Much-called-for changes to Kentucky's prescription drug law are on their way to the governor.
The Senate on Monday passed the final version of a bill that would loosen the law's restrictions to accommodate the seriously ill and elderly, groups that were subjected to the same scrutiny as would-be prescription drug traffickers. The vote was 36-0. The House passed the proposal last week.
The law requires doctors, dentists, optometrists, registered nurses and podiatrists to check their patients' drug histories on the state's prescription monitoring system, known as KASPER, before writing prescriptions. The bill's changes would exempt patients in hospitals and hospital care as well as people receiving cancer treatment, among others.
"This just went back to some practical common sense things," Senate President Robert Stivers told reporters after the vote.
Supporters of a statewide smoking ban in Kentucky are once again trying to persuade a House committee to pass the the legislation this session.
The House Judiciary Committee is the second committee—after House Health and Welfare—to hear the smoking ban bill sponsored by State Rep. Susan Westrom, a Lexington Democrat.
This time, property rights and business rights were the main topic of questioning, but Lt. Gov. Jerry Abramson told the committee that Kentucky's businesses have long supported smoking bans.
"Some say the ban will have a negative impact on business," Abramson said. "And as I said to you, the Chamber of Commerce back at home and at the state made it clear that asthma and lung cancer keep employees out of their jobs."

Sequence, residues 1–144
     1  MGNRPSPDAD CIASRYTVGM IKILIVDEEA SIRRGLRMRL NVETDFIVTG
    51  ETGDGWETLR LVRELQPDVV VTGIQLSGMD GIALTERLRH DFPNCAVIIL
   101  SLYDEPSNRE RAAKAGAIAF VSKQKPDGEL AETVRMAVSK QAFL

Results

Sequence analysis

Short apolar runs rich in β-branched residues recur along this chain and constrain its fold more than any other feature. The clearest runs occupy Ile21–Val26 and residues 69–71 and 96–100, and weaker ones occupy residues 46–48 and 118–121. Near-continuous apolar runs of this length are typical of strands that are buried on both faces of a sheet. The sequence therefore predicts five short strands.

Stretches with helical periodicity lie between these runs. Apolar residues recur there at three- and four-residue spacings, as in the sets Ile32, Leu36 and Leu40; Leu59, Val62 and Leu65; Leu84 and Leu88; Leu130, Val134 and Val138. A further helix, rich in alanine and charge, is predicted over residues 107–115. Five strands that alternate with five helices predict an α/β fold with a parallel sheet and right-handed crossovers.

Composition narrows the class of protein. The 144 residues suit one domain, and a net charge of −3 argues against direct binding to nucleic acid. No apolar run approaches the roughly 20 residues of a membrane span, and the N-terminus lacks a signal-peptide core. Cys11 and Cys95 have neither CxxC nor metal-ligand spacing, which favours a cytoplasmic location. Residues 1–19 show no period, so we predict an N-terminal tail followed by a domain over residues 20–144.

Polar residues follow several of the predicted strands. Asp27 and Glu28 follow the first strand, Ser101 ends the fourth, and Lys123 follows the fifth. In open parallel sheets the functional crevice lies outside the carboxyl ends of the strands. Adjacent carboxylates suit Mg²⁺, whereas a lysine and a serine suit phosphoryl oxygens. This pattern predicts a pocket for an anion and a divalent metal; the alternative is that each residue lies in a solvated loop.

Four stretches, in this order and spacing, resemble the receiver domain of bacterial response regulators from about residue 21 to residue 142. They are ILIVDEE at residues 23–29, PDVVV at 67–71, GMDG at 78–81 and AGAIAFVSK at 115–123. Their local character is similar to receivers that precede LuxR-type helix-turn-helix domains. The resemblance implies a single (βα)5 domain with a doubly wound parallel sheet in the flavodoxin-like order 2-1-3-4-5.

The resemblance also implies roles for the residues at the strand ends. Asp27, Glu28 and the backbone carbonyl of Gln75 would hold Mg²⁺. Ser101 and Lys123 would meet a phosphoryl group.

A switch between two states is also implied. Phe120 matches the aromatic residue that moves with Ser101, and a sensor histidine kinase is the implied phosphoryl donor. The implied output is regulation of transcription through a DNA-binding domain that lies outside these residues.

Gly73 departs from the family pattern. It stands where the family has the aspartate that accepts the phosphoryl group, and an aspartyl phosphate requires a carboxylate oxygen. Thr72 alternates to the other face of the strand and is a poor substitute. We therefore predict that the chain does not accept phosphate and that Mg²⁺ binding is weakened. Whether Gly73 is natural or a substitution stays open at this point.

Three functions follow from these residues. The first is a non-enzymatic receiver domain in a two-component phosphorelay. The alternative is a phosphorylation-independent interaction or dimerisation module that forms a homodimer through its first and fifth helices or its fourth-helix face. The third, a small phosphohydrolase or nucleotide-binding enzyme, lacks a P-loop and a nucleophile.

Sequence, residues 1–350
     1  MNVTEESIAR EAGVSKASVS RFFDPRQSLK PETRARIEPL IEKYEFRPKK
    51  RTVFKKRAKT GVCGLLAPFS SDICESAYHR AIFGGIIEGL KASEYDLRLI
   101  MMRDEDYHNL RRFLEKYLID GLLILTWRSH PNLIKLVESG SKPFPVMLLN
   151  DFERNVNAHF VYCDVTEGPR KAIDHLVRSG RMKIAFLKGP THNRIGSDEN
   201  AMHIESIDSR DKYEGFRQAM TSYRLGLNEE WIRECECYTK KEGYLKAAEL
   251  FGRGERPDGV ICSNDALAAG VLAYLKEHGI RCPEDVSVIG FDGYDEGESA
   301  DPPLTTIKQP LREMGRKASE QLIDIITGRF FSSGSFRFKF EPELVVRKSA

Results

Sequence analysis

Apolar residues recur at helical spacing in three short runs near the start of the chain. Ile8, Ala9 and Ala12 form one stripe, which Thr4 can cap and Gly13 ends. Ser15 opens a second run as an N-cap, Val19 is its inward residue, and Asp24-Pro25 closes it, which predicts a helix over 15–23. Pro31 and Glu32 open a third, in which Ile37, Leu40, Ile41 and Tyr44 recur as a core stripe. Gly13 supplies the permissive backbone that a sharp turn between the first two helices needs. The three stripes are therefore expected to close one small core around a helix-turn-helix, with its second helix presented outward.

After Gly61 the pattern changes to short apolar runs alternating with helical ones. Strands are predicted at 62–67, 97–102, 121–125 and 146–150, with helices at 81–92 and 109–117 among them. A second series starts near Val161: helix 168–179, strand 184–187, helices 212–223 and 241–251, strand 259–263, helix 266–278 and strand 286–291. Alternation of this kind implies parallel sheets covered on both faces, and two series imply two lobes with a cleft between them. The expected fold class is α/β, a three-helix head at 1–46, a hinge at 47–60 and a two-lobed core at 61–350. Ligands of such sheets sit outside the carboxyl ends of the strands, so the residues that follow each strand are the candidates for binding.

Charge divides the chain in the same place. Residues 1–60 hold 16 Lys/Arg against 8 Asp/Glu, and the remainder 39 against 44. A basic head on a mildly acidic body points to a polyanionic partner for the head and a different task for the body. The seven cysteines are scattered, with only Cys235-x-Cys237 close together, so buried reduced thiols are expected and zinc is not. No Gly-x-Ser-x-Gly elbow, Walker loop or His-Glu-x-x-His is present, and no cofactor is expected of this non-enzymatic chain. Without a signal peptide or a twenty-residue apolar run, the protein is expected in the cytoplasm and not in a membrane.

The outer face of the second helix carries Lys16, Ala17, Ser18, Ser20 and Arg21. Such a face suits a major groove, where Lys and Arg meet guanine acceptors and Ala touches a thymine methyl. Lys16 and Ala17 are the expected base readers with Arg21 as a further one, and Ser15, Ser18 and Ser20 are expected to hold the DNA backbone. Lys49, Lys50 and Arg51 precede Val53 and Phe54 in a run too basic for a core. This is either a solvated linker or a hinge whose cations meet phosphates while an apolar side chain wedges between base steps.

New data released by the Tennessee Department of Health show that one-third of child fatalities in the state in 2011 could have been prevented. The list of preventable deaths includes those children that died by abuse, murder, drowning, suicide, and suffocation.
The Volunteer State’s annual report on child mortality comes at a sensitive time, as state lawmakers are scrutinizing the Tennessee Department of Children’s Services for its role in investigating child abuse cases where the child later died.
The Tennessean reports children are more likely to die in the state before they reach their 18th birthday than in most other states, surpassing the national average of 52 deaths for every 100,000 children.
Still, Tennessee health officials also noted the 802 children who died in 2011 represent the lowest number of youth deaths reported in the state in five years.
A bill addressing problems with last year's prescription pill mill bill has cleared the Kentucky House Judiciary Committee.
House Speaker Greg Stumbo is sponsoring the bill, which reduces some tough regulations that followed the pill mill bill. The legislation, House Bill 217, requires hospitals and long term care facilities to still pull KASPER reports, but lessens other regulations on them. The Kentucky All Schedule Prescription Electronic Reporting System (KASPER) tracks controlled substance prescriptions dispensed within the state.
Stumbo told lawmakers that the bill would help codify easier regulations that were recently published and that the effort to crackdown on prescription pill abuse was effective.
"But you have a reason to be proud if you supported that bill because it's working. It's working from Pikeville to Paducah," he says.